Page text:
Besides that, Kassa added saying “the location of the greenhouse is within the university and the College of Agriculture. Most a times, you will see our students going on excursion to see how crops are being produced. Now they have them at their backyard. Now they can come and see how these crops are being produced under very high and best agronomic practices. That’s why we say there will be technology transfer”.
Facts About the Greenhouse You May Not Know
Following the establishment of this development masterpiece, a lot of misconceptions, politics, rumours and ignorance have threatened the smooth running of the project.
Some people have speculated that the project is privately owned,while some workers at the site have complained of unfair treatment by authorities of the greenhouse. As a matter of fact, some of them who couldn’t cope with the condition of service of the organization contracted to run the project, have since looked elsewhere.
One of the newly employed workers who pleaded anonymity, complained of the N25,000 monthly pay as too meagre considering the labour involved in the greenhouse.
The mother of one and a HND graduate from the College of Agriculture, Jalingo, regretted the fact that there was no special consideration given to graduates as all workers irrespective of their educational status, are thrown into the greenhouse to do the same menial work. As a result of this circumstances, several workers had quited earlier than expected.
The Site Manager of the project, James Uchenna, however praised the governor for his commitment towards seeing that the project succeeded. He disclosed that the issues of water and electricity had been taken care of by the governor.
“He has delivered on the issue of water and power. On the issue of security, nobody has ever in any guise harassed us. So I must commend him for that. Then also the workers; most of them came here very raw but they were exposed and I can tell you now, we have three greenhouses and they are working there”, he revealed.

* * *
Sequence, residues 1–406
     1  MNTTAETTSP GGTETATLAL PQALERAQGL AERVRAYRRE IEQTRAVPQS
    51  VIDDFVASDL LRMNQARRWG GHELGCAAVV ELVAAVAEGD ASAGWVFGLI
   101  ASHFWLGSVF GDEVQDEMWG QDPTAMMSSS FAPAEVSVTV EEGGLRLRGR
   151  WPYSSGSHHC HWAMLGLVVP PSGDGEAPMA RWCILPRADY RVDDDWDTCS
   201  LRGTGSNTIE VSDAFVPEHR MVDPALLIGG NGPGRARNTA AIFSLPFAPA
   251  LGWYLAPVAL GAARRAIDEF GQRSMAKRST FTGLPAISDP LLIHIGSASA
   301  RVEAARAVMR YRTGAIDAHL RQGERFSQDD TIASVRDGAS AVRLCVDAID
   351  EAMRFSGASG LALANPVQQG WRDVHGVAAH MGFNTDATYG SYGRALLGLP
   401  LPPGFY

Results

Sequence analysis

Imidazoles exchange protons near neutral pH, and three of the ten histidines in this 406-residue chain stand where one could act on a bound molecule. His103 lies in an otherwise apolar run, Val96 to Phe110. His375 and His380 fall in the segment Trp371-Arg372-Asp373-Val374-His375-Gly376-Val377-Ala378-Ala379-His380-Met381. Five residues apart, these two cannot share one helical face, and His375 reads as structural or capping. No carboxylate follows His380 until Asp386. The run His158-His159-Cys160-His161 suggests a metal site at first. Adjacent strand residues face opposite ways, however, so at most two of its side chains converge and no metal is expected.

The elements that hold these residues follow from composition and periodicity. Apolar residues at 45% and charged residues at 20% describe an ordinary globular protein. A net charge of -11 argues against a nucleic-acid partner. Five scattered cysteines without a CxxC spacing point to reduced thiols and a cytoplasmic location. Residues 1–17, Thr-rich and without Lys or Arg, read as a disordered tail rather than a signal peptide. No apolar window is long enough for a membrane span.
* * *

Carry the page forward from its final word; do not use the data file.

The Commissioner for Agriculture, David Ishaya Kassa, on his part debunked claims of Ill- treatment meted on workers, stressing that the reason workers are having issues is because the government is not yet in full control of the project. He however gave the assurance that the future will be bright.
“You know the greenhouse is not yet owned by the State. It is still under construction. It is the contractor that has the right to decide who would work for them. But by the time they have completed the work, that is when we would retain some of these graduates and they would do their professional work.
“But as it is now, you have to go by what the contractor would say. Most of them are on casual basis because they are still constructing the greenhouses. By the time it is handed over to us, any person working there would be under the terms and conditions of the Taraba State Government”, the Commissioner assured.
He attributed the claims and speculations to ignorance. “May be the people did not understand it very well. As it is now, they are under the contractor’s’ payroll, later on we would receive them and all the condition of service of Taraba State Government would apply to them”.